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Pros use a banjo or other automatic tape applicators. these embed the tape on both sides with compound. Why do you not see this as the same as a very thin top coat? I use 5' diameter fans to dry the compound. This air flow allows be to do a basement in two days. For smaller jobs like a bath I can do all three coats the same day and never had any problems.
 

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Pros use a banjo or other automatic tape applicators. these embed the tape on both sides with compound. Why do you not see this as the same as a very thin top coat? I use 5' diameter fans to dry the compound. This air flow allows be to do a basement in two days. For smaller jobs like a bath I can do all three coats the same day and never had any problems.
Three coats of drying compound in one day? Or, are you using setting compound for the first coat?
 

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Even using a banjo or bazooka, you have to wipe the tape down after applying it to the wall if you're doing the work properly. That essentially removes the mud from the top of the tape. Granted there may be a bit of residual mud left, but it's not like wiping the tape down to adhere it to the surface and then coming back and putting a layer of mud right back on top of it (as I BELIEVE the OP was talking about). I guess that's a matter of interpretation. And I too use fans, electric heat, heat gun, etc. to expedite drying on small jobs. I wouldn't think it advisable for a DIY'er to cut any corners. Hope that clarifies my point. Not saying my way is the only correct way either, just best in my opinion....
Oh, and definitely using setting compound for all but the final coat for one day process. It sets by chemical reaction, not air drying and does not shrink nearly as much as ready mix.
 

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Granted there may be a bit of residual mud left,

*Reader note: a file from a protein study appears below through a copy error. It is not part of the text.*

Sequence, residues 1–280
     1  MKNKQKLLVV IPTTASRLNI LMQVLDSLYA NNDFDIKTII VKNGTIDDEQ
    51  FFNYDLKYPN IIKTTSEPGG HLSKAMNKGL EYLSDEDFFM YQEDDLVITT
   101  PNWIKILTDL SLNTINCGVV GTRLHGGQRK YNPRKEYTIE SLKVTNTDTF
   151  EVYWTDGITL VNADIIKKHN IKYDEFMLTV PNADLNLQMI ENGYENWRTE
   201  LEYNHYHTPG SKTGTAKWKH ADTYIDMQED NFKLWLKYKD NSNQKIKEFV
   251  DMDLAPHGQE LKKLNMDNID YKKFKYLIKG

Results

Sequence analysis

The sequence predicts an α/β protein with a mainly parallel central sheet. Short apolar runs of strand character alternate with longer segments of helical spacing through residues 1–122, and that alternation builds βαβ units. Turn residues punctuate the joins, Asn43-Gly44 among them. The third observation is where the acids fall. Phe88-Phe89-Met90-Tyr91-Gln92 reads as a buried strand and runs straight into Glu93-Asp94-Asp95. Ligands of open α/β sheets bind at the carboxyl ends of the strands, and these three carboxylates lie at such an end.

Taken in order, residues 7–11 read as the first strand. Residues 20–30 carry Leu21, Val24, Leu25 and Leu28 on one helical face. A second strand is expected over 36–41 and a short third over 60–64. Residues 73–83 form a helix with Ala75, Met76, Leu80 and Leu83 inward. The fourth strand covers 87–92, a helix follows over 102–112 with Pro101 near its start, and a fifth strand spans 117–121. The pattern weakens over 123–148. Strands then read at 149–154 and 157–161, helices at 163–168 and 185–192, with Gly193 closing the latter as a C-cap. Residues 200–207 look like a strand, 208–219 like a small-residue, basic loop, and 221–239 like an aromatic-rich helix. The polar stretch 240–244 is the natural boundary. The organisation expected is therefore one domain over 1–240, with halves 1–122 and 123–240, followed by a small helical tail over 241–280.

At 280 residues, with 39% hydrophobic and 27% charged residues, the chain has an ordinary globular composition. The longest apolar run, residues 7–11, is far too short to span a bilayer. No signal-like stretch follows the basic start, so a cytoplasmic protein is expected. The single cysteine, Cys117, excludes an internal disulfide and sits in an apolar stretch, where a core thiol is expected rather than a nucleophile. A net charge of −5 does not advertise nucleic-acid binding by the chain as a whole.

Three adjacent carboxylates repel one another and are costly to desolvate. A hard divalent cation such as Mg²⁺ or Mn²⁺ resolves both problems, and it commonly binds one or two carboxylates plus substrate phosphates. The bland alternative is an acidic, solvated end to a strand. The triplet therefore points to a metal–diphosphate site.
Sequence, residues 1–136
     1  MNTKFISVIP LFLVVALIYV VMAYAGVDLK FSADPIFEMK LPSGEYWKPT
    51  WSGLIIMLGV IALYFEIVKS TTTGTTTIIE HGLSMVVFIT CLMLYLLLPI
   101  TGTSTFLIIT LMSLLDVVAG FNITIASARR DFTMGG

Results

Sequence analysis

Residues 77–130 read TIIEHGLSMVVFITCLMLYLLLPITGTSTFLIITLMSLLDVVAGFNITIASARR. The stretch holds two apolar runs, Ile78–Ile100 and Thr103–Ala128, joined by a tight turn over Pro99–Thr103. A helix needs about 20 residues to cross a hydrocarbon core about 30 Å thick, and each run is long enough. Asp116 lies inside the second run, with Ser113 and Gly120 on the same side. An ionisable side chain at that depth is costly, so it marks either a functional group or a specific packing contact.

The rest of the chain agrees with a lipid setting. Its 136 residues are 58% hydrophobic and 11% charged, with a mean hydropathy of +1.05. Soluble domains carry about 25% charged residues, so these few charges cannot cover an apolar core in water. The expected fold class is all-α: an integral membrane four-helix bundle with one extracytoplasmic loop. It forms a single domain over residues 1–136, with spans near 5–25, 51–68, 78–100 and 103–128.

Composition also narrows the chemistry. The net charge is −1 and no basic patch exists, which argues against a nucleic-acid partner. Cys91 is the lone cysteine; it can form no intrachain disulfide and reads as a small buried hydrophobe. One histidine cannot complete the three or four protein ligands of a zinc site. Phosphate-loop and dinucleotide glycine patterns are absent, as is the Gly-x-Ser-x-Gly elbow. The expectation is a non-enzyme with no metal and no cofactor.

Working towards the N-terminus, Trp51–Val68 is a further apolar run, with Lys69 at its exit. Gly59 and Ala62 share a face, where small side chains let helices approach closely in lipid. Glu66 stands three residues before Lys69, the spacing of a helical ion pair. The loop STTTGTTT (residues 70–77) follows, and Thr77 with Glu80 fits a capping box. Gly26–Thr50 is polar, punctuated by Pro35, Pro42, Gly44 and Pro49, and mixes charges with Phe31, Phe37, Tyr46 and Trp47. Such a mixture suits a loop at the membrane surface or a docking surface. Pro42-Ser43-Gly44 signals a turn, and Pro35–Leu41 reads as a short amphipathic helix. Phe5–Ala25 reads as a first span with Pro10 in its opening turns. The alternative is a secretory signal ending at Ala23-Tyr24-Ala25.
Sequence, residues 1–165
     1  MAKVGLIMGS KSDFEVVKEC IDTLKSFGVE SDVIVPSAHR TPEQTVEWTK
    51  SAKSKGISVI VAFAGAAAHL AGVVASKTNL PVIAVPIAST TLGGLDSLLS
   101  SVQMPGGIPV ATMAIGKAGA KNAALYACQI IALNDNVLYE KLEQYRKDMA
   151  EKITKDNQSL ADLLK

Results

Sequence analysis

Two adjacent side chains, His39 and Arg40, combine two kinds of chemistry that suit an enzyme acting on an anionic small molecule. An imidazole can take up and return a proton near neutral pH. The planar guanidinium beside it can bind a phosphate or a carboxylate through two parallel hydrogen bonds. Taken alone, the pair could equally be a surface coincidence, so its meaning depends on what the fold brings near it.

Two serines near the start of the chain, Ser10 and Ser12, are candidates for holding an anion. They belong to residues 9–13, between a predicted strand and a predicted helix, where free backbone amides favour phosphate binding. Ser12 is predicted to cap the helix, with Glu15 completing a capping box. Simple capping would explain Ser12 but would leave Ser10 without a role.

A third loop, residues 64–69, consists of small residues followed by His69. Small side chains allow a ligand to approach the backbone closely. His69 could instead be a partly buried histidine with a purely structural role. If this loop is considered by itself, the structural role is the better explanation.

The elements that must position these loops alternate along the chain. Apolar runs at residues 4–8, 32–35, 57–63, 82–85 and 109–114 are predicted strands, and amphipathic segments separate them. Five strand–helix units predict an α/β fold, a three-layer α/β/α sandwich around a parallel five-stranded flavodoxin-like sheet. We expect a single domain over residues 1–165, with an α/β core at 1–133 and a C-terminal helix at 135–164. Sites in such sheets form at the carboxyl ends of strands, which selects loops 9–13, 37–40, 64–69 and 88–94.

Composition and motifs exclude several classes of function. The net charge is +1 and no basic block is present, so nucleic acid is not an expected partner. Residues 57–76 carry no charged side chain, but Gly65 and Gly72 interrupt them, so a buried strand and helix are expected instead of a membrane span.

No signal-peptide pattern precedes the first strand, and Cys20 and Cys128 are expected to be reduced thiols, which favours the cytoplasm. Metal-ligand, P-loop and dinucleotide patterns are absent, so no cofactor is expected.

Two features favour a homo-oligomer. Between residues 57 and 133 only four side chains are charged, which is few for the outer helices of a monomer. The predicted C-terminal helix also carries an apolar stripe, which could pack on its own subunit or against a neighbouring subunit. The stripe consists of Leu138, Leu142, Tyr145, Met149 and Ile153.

this is the very thin coat that WillieT and I are talking about. Not to go back and add a second coat until the first is dry.

I use hot mud on first and second coats. Lightweight for third and touch-ups after priming. My point with the fans is that air movement is far better then heat. Most all heaters will add too much moisture to the air. But the fans I use are like wind tunnels.
 

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Understood. I think the OP is talking about hand taping and a light coat right away. And I agree that fans are the only way to properly attempt to "force dry" mud. Throw in an electric space heater or two if there's a bit of a chill. I know a lot of people like lightweight, but it sure scratches and dings a lot easier than regular ready mix. Haven't even tried it in years, but it used to seem awfully hard to pull too. Maybe it's better these days (and maybe brands differ too).
 

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if you are using paper tape on any bevel joints or drywall sheets that butt up (side to side)never double up(2 coat same day..seems to have a bubble effect...expanding joints past the level they should be filled (there isnt much on bevel joints,butt joints unless perfectly framed beneath drywall,always are humped,requiring at leasta 12 inch coat of mud on each side of the butt joint tape (its the highest side & your trying to blend it with existing wall..leave more mud to the outsides.of that tape..but make sure your tape is covered with 2 nd coat &skim coat:no:
 

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I see your point bjbatlanta..many times we have experimented ..half a bucket of box mud into a slury(pump mud)then add sheetrock 45 or 90 sowe have time to work with it and also guarantees drying where we have not applicable heating guarunteed in custom homes,or commercial jobs...:no:
 

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if you were using fiba tape ..yes add 1 st coat of mud...if your joints are paper taped let them dry...your boxmud that you mixed with water to apply to those joints will or should shrink or tighten..nothing but probs if you cut this corner....:no: